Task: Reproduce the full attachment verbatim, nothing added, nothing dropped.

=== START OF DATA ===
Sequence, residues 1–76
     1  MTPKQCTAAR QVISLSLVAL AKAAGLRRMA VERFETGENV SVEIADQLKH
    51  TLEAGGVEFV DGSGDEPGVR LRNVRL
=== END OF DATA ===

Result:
Sequence, residues 1–76
     1  MTPKQCTAAR QVISLSLVAL AKAAGLRRMA VERFETGENV SVEIADQLKH
    51  TLEAGGVEFV DGSGDEPGVR LRNVRL